[lug] Looking for sweat equity partners in gaming system

Glyn Ottofy gottofy at yahoo.com
Fri Apr 5 10:06:15 MDT 2013

    Your right sweat equity ownership is not for everyone, and I just went out there on a whim to see if there might be interest. Didn't necessarily think I would find someone, nor do I just need anyone. I have good team of people for sweat equity and some developers I pay, now, There is also CoFounders.com.
    The online poker industry and gaming for that matter in the US is in a huge state of flux and several attempts at Federal laws have failed leaving it with the states, similar to marijuana laws taking place. There are many off shore companies and not many US based for obvious reasons, but that will change. Besides Nevada which has approved online poker for licensing there are several other states lining up to follow suit, and there are a fair amount of casinos/ poker rooms that will be looking for an online presence that won't necessarily want to go with some big guys from Europe. 
    Nothing we are planning on doing is illegal or will be. 95% of US players play for free / freemium  (eg Zynga/ PurePlay/ HogWild) the other 5% subscription since PokerStars, FullTilt, & Ultimate cash games were shut down in US. Our market model is unique and has significant entry points that can be exploited immediately, and will build with the industry. I also own a patent in team gaming which I hope to use as an edge.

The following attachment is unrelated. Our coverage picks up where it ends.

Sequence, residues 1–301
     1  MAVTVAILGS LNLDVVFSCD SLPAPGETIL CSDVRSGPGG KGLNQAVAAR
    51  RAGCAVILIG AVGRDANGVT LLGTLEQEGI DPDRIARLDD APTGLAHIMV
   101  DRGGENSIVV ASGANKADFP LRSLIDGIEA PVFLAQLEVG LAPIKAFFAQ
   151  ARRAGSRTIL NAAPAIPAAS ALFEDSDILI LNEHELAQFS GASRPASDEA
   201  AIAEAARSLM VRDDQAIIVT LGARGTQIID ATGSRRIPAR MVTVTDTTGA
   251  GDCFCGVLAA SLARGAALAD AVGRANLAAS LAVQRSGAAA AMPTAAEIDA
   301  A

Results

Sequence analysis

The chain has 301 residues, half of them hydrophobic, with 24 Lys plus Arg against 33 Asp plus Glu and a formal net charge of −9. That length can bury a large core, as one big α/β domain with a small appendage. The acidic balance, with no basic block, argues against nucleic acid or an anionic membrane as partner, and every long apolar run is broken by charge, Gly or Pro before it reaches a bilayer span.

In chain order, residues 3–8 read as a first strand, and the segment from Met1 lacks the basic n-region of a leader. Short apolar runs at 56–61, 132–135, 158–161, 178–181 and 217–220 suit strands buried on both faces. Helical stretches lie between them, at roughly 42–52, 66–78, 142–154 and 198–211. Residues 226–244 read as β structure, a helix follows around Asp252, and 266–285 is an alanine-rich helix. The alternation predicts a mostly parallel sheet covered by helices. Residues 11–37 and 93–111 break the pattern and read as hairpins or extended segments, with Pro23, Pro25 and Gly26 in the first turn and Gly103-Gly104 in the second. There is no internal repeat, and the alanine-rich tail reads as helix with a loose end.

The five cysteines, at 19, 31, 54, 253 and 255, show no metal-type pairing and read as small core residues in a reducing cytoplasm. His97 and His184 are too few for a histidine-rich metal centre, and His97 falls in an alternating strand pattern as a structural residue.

All the best to you,
Glyn Ottofy   

 From: Bear Giles <bgiles at coyotesong.com>
To: Glyn Ottofy <gottofy at yahoo.com>; Boulder (Colorado) Linux Users Group -- General Mailing List <lug at lug.boulder.co.us> 
Sent: Thursday, April 4, 2013 3:17 PM
Subject: Re: [lug] Looking for sweat equity partners in gaming system

Since I was asked to clarify and others might not have picked up on some of the details:

1. "sweat equity" was something that might have been common in the 90s but, especially in Boulder, anything with a reasonable shot of success will be attractive to venture capital. You need to kick-start the process, of course, but you should think long and hard before doing anything for somebody else for no compensation other than "sweat equity". This might be attractive to recent graduates trying to get their first job but, honestly, I don't know how much weight anyone would give one these jobs as "professional experience". 

2. The gaming industry is mature and there's a huge entry barrier to be competitive. Again, in the 90s you could go a long way with a good idea and one or two competent graphics designers but that's not the case today. 

3. Poker, specifically, falls into a special category. I haven't kept up with the law but the last I heard it was illegal to play online for money in the US and while some organizations were trying to get a license through an established gaming company in Nevada that just brings you back to the second point - you're going against competition with deep pockets. 

In the meanwhile I know some companies were operating on foreign servers but that's of marginal use if the feds start twisting arms at the credit card companies. They wouldn't have to twist hard - as one of the terms you can't use credit cards for illegal activities (see federal law) and most if not all also include explicit restrictions on gambling. 

So, yeah, the 'heh' was because I haven't seen anyone proposing "sweat equity" in a long time.  (I have seen people proposing "work for us now and we'll pay you later" but that's a different matter.)

The 'ahem' was because it's either a) illegal for the players or b) against the terms of credit card usage or c) currently legal and okay but that could easily go away tomorrow. Not an issue if I have cash on the barrelhead but if I'm working for "equity" that's a HUGE gamble. So to speak. 

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